Took this picture of a day laborer taking a rest while waiting for work over the summer. When the police came by a little later, they told him to sit up.
Here’s one from the vault. I took these photos and audio in the late summer and early fall of 2007, in what turned out to be my last days at my first newspaper gig. They are my first attempt both at a more long term project and at working with audio. When I left the paper, I felt that the work was incomplete, the audio terrible, and generally that it was not worth putting together. But time has a way of changing your feelings.
In all, I spent 11 afternoons with these mostly laborers in the rural New Jersey town where the paper was located. They would gather at the field each day after work and play for as long as the light would allow. The level of competition was really high, and occasionally a player or two from the local high school or middle school soccer team would join the fray, knowing it was the best game in town. As they played, they sometimes would yell the home country of a player, in place of his name, so that cries of “Ecuador” or “Argentino” would periodically be heard. I remember thinking what a contrast it was to the football or softball practices taking place in the nearby fields in this rural farmland of northwest New Jersey. Despite how they had arrived in America, or what their immigration status was, they were here, they were living. They were playing their game, and adding it to those other ones.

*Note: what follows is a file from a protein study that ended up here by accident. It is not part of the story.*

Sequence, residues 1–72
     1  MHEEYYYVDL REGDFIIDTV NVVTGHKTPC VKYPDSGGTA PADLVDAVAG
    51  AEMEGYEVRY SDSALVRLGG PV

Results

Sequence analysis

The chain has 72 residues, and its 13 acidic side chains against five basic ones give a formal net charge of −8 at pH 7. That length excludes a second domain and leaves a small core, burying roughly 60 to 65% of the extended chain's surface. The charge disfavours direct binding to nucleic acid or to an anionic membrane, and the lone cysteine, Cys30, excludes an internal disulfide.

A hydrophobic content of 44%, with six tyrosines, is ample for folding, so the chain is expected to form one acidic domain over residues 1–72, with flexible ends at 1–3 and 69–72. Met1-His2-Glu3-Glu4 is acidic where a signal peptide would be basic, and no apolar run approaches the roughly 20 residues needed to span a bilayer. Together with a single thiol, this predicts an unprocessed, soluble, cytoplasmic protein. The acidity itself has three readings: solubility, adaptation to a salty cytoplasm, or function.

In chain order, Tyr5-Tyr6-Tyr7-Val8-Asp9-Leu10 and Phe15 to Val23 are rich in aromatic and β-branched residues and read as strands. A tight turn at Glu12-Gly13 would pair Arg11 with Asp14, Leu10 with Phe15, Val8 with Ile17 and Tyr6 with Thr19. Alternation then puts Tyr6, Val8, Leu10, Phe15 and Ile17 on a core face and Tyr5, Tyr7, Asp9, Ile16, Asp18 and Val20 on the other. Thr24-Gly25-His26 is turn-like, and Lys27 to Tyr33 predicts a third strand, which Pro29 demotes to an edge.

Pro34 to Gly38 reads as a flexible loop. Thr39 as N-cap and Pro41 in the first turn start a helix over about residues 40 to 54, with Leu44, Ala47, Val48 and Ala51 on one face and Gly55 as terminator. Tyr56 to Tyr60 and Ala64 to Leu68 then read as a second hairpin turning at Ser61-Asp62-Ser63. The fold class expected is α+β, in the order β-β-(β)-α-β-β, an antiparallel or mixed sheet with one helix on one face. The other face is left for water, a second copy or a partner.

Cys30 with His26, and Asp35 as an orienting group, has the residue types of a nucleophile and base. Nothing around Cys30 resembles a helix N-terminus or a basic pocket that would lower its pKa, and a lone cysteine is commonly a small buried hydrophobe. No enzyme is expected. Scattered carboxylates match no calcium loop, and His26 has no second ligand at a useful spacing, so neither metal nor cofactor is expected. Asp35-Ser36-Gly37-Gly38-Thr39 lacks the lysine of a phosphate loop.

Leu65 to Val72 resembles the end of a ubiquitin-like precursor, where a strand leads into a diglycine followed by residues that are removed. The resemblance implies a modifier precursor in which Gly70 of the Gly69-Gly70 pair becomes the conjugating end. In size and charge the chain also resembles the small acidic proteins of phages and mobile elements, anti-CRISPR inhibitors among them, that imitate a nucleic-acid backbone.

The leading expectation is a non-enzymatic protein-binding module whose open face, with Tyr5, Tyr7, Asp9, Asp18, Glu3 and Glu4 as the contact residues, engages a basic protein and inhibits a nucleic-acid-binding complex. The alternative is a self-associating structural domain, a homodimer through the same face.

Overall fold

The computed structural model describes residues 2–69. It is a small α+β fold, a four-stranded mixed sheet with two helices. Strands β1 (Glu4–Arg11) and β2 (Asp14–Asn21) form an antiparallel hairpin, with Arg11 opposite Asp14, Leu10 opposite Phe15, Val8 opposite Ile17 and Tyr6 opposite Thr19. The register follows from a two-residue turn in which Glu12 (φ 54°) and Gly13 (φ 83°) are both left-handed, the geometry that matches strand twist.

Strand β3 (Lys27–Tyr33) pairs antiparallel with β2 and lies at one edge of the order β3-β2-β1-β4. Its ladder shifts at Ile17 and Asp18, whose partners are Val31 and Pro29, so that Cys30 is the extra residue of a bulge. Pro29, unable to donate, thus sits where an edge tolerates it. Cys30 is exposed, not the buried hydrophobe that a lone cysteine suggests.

Today the Dream Act, which would provide a way to citizenship for children brought to the U.S. by their migrant parents, is stalled in the U.S. Senate. If passed, which seems unlikely, it would make it so that those children, who have lived most of their lives in America, could become citizens after attending college for 2 years. For now, they, unlike, Jessica, are not entitled to a passport and the rights it represents.